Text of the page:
The Phils signed Tom Gordon with the idea of him being the closer, but he could easily slide into the set-up role vacated by Madson. It would seem an unlikely move, but one that might have some merit? I think most fans would feel better with Lidge closing -- despite his World Series meltdowns -- rather than Gordon.

Also, the Phils are reportedly close to signing Braden Looper. Unfortunately, I'm not making this up. Looper-to-Gordon doesn't do much to instill confidence.

Finally, Phils radio host Tom McCarthy will be heading to WFAN to join the Mets broadcasting team. Tom is a fine announcer and classy guy. Good luck to him, although he will be missed in Philly.

Thursday, December 08, 2005


Detroit has jumped into the winter signing fray by bringing back Todd Jones to be the team's closer. Jones saved 142 games for the Tigers from 1997-2001 when he was traded to Minnesota for starter Mark Redman. Last season with the Marlins, Jones saved 40 games, just two shy of his career high that he set with Detroit in 2000, and had a career-best 2.10 ERA.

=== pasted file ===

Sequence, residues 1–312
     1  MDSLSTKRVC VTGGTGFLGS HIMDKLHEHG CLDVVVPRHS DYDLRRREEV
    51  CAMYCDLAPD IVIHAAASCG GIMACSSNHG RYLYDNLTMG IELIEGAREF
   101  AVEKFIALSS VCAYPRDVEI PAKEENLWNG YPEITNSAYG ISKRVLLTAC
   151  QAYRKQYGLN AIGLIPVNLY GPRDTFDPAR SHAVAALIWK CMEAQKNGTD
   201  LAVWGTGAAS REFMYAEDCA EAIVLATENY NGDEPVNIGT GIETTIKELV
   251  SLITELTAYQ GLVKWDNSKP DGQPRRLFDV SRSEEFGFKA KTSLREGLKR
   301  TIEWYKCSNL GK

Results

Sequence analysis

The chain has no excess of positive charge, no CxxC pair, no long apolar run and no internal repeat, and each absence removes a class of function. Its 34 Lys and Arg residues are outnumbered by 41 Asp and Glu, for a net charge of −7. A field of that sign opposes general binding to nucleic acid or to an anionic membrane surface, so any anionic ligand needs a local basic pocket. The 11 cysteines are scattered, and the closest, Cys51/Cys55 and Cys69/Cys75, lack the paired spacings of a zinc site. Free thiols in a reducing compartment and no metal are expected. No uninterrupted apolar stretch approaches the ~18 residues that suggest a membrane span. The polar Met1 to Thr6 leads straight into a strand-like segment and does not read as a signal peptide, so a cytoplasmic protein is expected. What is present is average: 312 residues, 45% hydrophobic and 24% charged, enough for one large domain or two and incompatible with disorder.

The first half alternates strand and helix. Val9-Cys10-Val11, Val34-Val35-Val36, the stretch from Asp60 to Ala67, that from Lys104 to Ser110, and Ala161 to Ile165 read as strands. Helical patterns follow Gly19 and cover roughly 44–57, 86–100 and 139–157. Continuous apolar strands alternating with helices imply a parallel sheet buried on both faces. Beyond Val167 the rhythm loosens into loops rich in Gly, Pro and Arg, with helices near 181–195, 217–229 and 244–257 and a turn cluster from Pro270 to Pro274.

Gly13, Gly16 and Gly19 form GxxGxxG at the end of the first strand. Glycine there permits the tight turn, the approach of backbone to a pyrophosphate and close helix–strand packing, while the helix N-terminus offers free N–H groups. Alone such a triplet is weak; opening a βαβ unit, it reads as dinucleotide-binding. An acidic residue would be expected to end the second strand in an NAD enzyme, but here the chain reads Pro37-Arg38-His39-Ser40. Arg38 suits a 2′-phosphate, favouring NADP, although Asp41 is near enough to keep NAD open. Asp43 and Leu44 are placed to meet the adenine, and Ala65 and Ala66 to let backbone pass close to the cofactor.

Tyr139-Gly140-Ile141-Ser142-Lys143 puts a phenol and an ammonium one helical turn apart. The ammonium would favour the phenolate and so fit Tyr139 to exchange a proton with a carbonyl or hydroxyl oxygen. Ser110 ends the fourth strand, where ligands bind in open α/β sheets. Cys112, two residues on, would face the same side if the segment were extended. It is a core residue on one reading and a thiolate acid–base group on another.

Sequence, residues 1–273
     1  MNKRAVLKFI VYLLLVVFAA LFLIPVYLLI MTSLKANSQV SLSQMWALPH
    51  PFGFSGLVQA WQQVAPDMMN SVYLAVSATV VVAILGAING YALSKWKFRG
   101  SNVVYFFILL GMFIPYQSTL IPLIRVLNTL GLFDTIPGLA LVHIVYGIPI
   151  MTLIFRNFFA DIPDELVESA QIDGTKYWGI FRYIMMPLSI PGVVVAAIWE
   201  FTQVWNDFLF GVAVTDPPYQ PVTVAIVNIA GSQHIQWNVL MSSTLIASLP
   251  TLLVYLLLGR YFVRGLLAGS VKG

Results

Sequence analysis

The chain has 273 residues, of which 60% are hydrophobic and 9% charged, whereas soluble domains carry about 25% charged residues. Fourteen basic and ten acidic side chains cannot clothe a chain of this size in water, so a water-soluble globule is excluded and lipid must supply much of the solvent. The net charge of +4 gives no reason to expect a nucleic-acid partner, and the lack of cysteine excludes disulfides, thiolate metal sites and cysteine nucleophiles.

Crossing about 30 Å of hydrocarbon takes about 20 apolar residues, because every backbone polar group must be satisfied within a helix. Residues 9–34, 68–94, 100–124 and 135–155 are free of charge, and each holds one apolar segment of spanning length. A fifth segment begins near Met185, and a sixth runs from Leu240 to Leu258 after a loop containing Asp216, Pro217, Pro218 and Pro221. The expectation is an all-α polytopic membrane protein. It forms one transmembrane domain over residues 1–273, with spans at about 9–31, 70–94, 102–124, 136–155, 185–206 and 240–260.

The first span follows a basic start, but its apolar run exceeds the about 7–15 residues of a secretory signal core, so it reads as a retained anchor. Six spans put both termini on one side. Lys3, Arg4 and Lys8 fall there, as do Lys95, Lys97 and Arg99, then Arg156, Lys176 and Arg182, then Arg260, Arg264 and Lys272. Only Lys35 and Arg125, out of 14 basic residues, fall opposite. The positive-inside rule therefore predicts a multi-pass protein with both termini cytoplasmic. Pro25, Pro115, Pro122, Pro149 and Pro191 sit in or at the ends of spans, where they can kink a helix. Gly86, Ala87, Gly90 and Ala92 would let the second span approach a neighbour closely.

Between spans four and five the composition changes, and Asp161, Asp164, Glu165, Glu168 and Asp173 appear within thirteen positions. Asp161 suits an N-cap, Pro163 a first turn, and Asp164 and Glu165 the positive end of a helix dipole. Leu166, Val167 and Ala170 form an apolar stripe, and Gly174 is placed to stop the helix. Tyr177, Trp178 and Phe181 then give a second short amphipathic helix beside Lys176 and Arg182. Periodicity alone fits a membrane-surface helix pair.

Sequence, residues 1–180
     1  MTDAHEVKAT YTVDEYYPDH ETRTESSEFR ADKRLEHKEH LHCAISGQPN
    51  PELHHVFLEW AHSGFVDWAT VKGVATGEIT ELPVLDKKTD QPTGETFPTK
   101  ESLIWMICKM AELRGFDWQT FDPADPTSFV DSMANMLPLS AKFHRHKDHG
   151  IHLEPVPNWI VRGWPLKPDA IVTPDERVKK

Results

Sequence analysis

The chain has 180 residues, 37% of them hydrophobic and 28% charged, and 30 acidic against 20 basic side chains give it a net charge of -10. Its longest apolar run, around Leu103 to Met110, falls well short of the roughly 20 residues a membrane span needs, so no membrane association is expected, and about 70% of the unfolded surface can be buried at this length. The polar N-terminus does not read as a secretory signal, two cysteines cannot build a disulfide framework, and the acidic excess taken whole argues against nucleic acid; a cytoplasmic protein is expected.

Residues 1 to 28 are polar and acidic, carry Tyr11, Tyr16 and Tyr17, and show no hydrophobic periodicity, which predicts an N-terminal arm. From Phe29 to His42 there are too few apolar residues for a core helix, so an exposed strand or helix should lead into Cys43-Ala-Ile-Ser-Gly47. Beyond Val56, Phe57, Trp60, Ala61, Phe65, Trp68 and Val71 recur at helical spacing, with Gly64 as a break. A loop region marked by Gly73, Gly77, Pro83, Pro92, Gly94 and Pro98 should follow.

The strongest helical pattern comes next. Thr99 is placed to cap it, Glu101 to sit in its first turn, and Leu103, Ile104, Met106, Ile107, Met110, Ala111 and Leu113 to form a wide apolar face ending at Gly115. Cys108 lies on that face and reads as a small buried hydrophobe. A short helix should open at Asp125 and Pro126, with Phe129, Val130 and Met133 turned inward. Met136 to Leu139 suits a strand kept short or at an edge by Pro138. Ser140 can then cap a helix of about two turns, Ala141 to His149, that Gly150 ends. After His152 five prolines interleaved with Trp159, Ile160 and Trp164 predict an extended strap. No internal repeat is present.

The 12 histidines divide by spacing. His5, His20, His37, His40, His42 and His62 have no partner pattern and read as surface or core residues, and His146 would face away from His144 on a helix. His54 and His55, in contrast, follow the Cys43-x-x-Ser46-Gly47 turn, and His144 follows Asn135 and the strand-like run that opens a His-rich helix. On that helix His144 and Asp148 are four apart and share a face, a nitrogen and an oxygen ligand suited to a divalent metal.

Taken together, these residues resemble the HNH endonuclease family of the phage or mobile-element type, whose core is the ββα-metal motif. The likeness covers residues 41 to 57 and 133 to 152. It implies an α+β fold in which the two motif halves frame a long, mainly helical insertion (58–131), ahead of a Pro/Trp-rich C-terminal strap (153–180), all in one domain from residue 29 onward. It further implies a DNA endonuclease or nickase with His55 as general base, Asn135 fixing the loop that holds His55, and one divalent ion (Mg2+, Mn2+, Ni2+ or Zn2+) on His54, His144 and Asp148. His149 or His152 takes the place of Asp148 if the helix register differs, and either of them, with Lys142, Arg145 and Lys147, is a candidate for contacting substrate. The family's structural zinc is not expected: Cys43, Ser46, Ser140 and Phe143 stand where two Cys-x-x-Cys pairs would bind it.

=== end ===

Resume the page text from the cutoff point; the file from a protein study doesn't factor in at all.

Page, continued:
Jones will get $11 million for two years, which looks like a steal compared to the going rate for relievers. He will be the Tigers fifth closer since the start of last year, following Troy Percival, Ugie Urbina, Kyle Farnsworth and Fernando Rodney. Gee, is it any wonder Alan Trammell got fired?

It seems Jones' 2005 season compares favorably to that of Wagner or Ryan, who got wheelbarrows filled with $$$$. Jones converted 40 of 45 save chances, Wagner 38 of 41 and Ryan 36 of 41. Jones had a WHIP of 1.04 while Wagner was 0.84 and Ryan was 1.14. Jones had a K/BB ratio of 3.88 while Wagner was 3.95 and Ryan was 3.57. Opponents had an OPS of .559 vs. Jones, .494 against Wagner and .572 vs. Ryan.

So, Wagner has a slight edge statistically, but I'll take Jones' contract over Wags any day. Ditto for Ryan, who couldn't even match Jones. Plus, Jones actually liked playing in Detroit, which should be a plus.